- November 19, 2014
Farmers, gardeners, chefs and entrepreneurs will populate Central Park's West Meadow on Nov. 20 to celebrate the first Winter Park Harvest Festival.
This festival serves as a celebration of farmers, gardeners, and non-profits by having a farmers market with local food only, focused on connecting grass-root individuals with deep-root individuals.
The idea came to John Rife III, founder and producer of the festival, after he attended a conference based off the concept of Slow Money, where a person invests part of their capital into the local food system.
"I was thinking, how can I do that, and in a way that is tangible and makes a bigger impact than the dollar amount I'm willing to invest?" said Rife. "I'm a commercial real estate developer; I spend a lot of time raping and pillaging the environment, covering it in concrete, so this is sort of my way of giving back and doing something to bring balance to that lifestyle."
The event is free to the public and concentrates on six themes: local, grow, learn, taste, listen and play.
The festival includes a farmer's panel, organic garden demonstrations, cooking demonstrations, a mobile community garden, acoustic blue-grass music, and a farm-to-table dinner.
The farm-to-table dinner is the only ticketed part of the festival where attendees can enjoy food prepared by chefs while meeting the farmers that produced the food on their plates. The tickets cost $95 with the option of donating more money to allow the farmers to come to the dinner.
"We really want the community to have the opportunity to break bread with these local farmers and get to know them," Jamie McFadden said, owner of Cuisiniers Catering.
"Most farmers can't afford a $95 dinner, but they should be able to go to one, especially when it's showcasing their product," Rife said.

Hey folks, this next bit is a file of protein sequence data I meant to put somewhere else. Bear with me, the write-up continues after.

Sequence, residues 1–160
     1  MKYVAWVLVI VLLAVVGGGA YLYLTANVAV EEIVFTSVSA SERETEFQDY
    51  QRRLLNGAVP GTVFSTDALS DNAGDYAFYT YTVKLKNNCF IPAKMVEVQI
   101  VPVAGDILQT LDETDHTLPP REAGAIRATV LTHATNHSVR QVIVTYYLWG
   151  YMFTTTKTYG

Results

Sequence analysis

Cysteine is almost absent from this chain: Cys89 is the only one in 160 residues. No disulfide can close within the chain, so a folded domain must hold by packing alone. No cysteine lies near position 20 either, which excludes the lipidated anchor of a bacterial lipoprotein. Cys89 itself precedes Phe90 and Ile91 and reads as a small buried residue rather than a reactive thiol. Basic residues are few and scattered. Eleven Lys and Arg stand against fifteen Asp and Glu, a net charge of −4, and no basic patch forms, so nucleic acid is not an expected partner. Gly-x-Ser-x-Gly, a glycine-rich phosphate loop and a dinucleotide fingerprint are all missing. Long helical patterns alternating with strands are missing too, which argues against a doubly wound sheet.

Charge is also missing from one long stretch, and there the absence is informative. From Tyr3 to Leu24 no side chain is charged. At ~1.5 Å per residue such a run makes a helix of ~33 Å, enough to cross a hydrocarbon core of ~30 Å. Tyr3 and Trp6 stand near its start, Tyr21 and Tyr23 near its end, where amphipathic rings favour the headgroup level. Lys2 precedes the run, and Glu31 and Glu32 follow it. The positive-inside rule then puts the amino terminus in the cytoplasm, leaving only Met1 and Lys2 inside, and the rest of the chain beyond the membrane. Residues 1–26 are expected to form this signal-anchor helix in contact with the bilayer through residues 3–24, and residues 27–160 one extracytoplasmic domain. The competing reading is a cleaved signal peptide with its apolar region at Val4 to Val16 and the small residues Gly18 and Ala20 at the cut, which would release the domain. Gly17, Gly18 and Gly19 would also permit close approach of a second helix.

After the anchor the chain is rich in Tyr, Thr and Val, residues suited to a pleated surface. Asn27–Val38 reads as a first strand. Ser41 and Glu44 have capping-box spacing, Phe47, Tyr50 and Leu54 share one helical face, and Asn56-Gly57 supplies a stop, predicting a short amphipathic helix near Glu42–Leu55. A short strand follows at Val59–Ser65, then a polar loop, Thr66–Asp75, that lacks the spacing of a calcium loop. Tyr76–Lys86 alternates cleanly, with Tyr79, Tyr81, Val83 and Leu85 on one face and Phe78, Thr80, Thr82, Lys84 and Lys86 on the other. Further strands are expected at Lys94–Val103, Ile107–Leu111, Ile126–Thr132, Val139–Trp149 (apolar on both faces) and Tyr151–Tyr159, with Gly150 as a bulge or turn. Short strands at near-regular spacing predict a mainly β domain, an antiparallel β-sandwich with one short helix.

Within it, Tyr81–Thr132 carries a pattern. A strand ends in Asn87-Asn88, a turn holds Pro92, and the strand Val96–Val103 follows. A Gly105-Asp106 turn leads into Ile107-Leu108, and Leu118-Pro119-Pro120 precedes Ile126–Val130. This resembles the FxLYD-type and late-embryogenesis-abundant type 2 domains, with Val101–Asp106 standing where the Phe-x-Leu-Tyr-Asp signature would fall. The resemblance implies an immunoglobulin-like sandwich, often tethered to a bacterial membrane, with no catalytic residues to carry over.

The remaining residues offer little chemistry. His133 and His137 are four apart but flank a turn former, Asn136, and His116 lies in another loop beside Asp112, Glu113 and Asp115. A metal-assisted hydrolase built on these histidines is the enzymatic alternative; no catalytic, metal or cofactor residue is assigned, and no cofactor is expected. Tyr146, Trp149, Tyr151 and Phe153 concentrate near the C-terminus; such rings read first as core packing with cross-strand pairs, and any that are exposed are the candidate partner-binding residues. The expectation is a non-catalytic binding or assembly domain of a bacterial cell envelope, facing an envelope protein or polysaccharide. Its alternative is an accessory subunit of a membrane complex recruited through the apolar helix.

So far, $400 has been raised for the farmers to attend this dinner.
As part of the grow concept, the festival will include grow boxes, garden patch grow boxes where a person waters the plant from the bottom. This allows for less watering and maintenance, because the water reservoir under the plant keeps it continuously moist. The festival started out with 100 grow boxes and has now created 400 of them.
"The whole idea behind the grow boxes is to just get started in growing some vegetables and growing anything, because part of the harvest festival is to bring awareness to our local food and create more of a relationship between people and the food and the soil," Tia Meer said, founder of Simple Living Institute.
On Nov. 20, the grow boxes will be brought back to the park to create what Rife said to be the largest mobile community garden in Winter Park.
Rife said the festival will add synergy to things already happening in the local food scene in Central Florida.
Some of these things include the Winter Park Health Foundation creating community gardens around the Orlando area as a part of their Think-Act-Be Healthy Communities initiative. Simple Living Institute is working on a sustainable food project that will map out who the local farmers are in Central Florida, what farmers are farming sustainability as well as serving as a guide to these farms and local food farmers markets.
"I hope people are exposed to some things that are exciting for them, and that they get inspired to get involved in whatever way works best for them," Rife said. "That they wouldn't just go back home and go back to their same lifestyle, and that they would make an effort to get to the local farmers markets and join groups like Slow Food [a nonprofit that supports local food]."
To buy a ticket to the farm-to-table dinner, go to winterparkharvestfestival.com, click on the farm-to-table link and register
for the dinner.